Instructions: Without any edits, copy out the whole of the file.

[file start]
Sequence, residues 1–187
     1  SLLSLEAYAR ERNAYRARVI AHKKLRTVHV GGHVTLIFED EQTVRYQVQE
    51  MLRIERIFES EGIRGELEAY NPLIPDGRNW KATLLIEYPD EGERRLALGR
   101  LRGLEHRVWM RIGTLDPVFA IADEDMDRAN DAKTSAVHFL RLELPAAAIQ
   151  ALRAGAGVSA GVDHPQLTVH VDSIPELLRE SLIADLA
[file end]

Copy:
Sequence, residues 1–187
     1  SLLSLEAYAR ERNAYRARVI AHKKLRTVHV GGHVTLIFED EQTVRYQVQE
    51  MLRIERIFES EGIRGELEAY NPLIPDGRNW KATLLIEYPD EGERRLALGR
   101  LRGLEHRVWM RIGTLDPVFA IADEDMDRAN DAKTSAVHFL RLELPAAAIQ
   151  ALRAGAGVSA GVDHPQLTVH VDSIPELLRE SLIADLA